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State of the Region’s Cities Reports
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Project description

At the end of the first decade of the 21st century, intermediate size cities and huge regional urban systems have become the dominant factors of the world’s social, economic, cultural and political matrix. Burdened with problems associated with hyper growth, developing countries’ cities are increasingly subject to dramatic socio-economic, political and environmental vulnerability crises. For better or for worse, the development of contemporary societies will depend on how we manage the growth of cities and the associated political dimensions of sustainable urban development. The city as a socio-political and economic phenomenon will increasingly become a test bed for the adequacy of political institutions, for the performance of government agencies, and for the effectiveness of combating social exclusion, to protect the environment and to promote human development, including resilience to systemic shocks such as urban food, energy and water security shocks.
Location: Regional
- Regional and Technical Cooperation Division
- Regional Office for Arab States
- Regional Office for Asia and the Pacific
- Regional Office for Latin America and the caribean
Partner: Regional commissions, UNECA, UNESCWA, ESCAP
- Urban Development and Management
Budget: USD 880,000
Received/Pledged: USD 20,000

Focus Area(s)

- FA2: Promotion of participatory urban planning, management and governance


As the outcome of a long global urbanization trend, in 2008 half the world’s population was living in cities. It should be anticipated that, by 2040, more than two-thirds of the global population will be urban dwellers. Although a global process, urbanization has not taken place evenly. The advanced economies by and large stabilized at around 75 percent urban populations. The most rapid growth of cities is now taking place in the developing region: Africa, Arab States, Asia/Pacific and Latin America/Caribbean, which will have to absorb nearly all global urban growth. Additionally, states with economies in transition are facing daunting urban challenges as well, albeit that they are less based in rapid urban growth than in matters of sustainable urban economies and decaying urban physical and social fabrics. While the globally increasing pace of urbanization causes a rapidly rising total number of cities, ever-larger urban agglomerations and huge city regions and urban development corridors, it is important to note that the key contribution to urbanization in the three most rapidly urbanizing regions will come from an unprecedented urbanization of poverty.Cities in the South and in states with economies in transition will face enormous challenges of economic, social and environmental sustainability. These challenges are exacerbated by scarce resources, both financial and human and in terms of urban institutional capacities. Despite these challenges, cities simply have to find ways to address the tasks ahead if urban areas are to continue playing their critical leading role in providing avenues for social development, sustainable livelihoods and as centers of cultural synthesis with assurances of better quality of life. But the possibilities for achieving environmental sustainability are decreasing in many of the major regions as increasingly larger numbers of human concentrations in cities will create more, and more complex urban environmental problems. Moreover, the impacts of climate change and the associated sea level rise will put many coastal cities around the world at higher risk of surge flooding. The developing South is especially vulnerable because they comprise 64 percent of the world’s 3,351 cities in low-elevation coastal zones.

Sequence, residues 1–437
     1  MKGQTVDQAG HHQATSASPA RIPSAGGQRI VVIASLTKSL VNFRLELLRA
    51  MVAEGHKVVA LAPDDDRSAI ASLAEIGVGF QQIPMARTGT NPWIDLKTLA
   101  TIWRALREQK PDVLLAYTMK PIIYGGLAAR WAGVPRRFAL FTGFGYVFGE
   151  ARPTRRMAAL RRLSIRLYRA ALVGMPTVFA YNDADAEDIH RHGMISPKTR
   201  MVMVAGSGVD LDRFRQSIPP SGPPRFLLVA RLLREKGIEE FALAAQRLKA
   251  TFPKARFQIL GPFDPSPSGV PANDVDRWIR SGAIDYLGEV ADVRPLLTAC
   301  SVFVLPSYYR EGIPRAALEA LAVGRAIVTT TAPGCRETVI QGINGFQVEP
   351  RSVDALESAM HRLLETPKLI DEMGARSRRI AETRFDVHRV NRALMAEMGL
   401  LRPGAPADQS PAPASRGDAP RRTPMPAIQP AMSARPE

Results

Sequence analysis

• The primary objective of this proposal is the production of five ‘State of the Region’s Cities’ reports:

    (a) State of the African Cities;

    (b) State of the Arab Cities;

    (c) State of the Asian Cities;

    (d) State of the East European Cities;

    (e) State of the Latin American and Caribbean Cities.

  • These five reports aim at national and local level capacity building through creating a knowledge management platform towards achieving sustainable urban development; improving urban governance; and reducing urban poverty. Through monitoring, analyzing and reporting on major areas of the implementation of the Habitat Agenda and the MDGs in terms of the realities faced by urban policy makers and urban populations, the reports are intended to provide regional comparisons of city-level analyses.
  • A secondary objective is to promote the establishment of tailored statistical databases to support better national and local capacities for the informed formulation of national and local policies that, in turn, will inform and enhance decision-making processes.
  • The tertiary objective is to create better understanding of the cities - as the world’s habitat for a growing majority of the global population – in the global economy, as food, water and energy input systems, and as major generators of wastes, pollution and socio-economic risk.

Target Group

Ministers of Housing and urban development, Mayors and Habitat Agenda partners



If you may be interested in funding this project, please contact us: info.rmu@unhabitat.org
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